Break the leaf litter, squeeze through
shedding trunks. Don’t wear
shopping district red. Or blue.
Few things are blue. Of course the sky,
supposedly the ocean, police sirens.
You want army olive and potato brown
like the ground. From miles back, the mountains are fuzzy.
But inside, the road is hewn through gneiss and granite,
sloping severely, rock-cold.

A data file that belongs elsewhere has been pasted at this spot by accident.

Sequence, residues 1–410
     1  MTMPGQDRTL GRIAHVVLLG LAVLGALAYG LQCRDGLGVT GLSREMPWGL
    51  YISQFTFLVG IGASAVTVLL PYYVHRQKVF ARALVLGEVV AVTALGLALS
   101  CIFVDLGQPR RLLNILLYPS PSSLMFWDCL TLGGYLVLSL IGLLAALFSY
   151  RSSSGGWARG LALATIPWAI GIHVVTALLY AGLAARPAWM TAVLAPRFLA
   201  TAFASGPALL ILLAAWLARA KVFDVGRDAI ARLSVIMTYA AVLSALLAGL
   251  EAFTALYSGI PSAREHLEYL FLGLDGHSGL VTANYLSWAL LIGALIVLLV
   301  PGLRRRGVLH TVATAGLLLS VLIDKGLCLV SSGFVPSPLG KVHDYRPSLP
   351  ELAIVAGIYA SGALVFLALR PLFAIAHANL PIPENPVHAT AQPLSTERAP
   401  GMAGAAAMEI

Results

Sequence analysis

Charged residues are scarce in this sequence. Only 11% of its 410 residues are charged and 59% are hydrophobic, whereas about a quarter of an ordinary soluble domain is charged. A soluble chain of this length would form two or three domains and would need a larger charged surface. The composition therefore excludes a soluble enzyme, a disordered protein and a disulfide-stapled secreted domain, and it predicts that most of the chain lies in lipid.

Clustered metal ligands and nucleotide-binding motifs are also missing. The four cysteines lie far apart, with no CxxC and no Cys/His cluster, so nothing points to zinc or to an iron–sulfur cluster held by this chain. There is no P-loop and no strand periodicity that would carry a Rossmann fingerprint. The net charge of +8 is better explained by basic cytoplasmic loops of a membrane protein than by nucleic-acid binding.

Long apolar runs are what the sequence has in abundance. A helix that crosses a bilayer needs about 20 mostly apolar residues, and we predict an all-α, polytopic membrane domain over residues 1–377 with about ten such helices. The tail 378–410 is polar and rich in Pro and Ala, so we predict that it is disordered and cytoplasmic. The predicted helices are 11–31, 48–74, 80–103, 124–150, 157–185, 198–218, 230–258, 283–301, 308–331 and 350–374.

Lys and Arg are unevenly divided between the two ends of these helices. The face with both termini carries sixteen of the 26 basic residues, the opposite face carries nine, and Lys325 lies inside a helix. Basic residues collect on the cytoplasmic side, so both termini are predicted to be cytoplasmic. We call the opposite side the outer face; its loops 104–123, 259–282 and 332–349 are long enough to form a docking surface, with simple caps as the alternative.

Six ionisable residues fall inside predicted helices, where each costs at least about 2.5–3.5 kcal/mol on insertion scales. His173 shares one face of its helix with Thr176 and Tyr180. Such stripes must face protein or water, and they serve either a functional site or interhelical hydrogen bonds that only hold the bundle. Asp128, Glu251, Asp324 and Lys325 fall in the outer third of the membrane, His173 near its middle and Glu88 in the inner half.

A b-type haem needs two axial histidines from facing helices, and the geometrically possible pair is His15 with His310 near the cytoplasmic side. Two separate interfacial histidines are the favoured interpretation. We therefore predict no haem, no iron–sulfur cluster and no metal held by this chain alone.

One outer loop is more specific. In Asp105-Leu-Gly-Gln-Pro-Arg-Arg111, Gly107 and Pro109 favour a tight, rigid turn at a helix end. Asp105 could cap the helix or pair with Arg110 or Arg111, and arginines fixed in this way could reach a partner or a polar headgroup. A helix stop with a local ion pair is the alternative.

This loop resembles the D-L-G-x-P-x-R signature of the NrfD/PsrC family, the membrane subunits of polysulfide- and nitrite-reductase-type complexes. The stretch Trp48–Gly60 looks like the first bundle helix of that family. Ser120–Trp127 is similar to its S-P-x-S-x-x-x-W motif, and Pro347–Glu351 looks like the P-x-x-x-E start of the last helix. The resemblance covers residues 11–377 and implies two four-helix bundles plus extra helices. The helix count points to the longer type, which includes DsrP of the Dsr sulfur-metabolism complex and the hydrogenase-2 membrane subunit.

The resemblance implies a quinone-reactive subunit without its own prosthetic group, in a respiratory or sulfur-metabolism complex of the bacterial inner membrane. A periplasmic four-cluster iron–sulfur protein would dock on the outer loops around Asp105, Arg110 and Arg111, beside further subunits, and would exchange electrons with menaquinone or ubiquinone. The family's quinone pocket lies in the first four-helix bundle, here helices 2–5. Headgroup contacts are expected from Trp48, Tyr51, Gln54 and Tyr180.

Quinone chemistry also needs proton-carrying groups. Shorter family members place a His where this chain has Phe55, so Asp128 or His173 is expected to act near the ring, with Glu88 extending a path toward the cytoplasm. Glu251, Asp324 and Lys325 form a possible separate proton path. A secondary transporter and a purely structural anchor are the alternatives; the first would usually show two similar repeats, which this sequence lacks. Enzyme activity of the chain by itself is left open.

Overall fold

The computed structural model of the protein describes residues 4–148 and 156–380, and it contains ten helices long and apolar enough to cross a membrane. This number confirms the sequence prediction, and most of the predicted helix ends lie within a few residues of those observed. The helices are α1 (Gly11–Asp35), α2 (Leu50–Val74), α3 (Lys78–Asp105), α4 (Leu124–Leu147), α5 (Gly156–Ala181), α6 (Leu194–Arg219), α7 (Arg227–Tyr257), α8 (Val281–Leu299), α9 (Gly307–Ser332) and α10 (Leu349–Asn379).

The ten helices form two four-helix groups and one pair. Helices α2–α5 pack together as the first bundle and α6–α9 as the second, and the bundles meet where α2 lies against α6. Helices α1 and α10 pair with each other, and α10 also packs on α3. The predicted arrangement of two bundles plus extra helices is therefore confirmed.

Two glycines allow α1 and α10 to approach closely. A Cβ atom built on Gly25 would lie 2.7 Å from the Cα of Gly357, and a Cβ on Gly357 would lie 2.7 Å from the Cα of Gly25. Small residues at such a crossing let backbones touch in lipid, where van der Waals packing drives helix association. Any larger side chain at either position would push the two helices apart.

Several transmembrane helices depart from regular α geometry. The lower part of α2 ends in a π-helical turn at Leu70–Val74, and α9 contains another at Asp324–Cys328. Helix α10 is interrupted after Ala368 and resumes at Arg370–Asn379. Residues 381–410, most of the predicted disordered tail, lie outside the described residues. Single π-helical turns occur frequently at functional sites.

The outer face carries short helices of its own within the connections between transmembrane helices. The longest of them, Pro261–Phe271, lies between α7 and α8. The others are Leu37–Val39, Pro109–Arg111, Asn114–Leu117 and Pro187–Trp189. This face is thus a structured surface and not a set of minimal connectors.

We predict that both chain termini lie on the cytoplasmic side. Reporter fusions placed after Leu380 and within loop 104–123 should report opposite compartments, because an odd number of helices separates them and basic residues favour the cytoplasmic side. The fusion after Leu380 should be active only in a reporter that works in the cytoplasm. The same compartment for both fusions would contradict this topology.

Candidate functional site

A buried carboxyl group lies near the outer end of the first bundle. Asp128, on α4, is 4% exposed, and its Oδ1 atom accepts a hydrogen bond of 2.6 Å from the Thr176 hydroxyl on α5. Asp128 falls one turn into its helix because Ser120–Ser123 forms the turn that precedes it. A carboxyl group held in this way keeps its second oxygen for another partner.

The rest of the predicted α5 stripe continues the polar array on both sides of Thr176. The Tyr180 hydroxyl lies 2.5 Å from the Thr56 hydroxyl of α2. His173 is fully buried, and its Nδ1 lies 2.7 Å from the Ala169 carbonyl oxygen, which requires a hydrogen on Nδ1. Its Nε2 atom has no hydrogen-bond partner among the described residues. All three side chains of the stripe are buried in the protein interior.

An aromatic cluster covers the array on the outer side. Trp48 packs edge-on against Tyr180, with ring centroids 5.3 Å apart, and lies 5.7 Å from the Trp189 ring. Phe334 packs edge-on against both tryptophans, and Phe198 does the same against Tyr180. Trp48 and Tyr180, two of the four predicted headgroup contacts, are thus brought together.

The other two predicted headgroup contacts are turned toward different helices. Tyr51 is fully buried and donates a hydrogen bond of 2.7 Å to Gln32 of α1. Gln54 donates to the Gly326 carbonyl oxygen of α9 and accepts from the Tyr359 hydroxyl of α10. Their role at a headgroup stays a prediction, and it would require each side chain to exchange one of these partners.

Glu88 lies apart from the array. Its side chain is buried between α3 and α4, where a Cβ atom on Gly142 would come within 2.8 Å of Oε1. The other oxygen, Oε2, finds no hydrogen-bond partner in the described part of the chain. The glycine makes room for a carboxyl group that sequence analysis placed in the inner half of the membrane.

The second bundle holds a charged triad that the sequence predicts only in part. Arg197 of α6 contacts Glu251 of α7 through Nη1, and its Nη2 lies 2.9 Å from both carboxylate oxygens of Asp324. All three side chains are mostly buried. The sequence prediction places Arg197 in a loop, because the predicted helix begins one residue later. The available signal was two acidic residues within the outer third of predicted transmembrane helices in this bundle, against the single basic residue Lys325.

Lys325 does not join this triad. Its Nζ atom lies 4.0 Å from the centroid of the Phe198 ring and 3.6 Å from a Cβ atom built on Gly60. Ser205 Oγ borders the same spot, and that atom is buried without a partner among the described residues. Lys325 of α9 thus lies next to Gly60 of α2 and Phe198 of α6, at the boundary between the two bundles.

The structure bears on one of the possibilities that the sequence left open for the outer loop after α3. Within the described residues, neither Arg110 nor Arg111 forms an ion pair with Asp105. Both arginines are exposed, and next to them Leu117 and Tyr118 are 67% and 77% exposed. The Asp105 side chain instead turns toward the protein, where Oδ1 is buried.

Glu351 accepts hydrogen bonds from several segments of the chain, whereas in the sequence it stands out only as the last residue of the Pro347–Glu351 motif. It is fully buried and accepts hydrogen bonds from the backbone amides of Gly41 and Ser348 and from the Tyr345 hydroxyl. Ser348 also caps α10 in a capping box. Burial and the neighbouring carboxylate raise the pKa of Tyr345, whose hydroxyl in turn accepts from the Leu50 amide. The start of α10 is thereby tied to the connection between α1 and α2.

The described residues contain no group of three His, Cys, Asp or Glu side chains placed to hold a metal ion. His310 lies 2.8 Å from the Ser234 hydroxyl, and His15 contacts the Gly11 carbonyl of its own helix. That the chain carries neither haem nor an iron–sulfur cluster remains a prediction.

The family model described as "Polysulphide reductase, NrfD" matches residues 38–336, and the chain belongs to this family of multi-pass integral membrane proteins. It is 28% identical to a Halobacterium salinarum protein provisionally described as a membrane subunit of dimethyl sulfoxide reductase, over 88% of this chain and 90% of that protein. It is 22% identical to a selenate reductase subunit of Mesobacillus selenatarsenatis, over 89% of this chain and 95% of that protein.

Frost pebbles fill in the roughage up here
like crumbled styrofoam in your carpet. And where
stunted sycamores gather in clusters, stop there.
Your hair and pale weeds move under
the winds’ chain-link rattling.
Tuck in your arms.
Notice how the glow is gone from the trees. Their mustard leaves,
their million peachy hands from branches are dead.
Their skins wracked with billbugs and snapped from your weight.
Outrun the lower world.
And write up here.
Catherine Zickgraf, Georgia, USA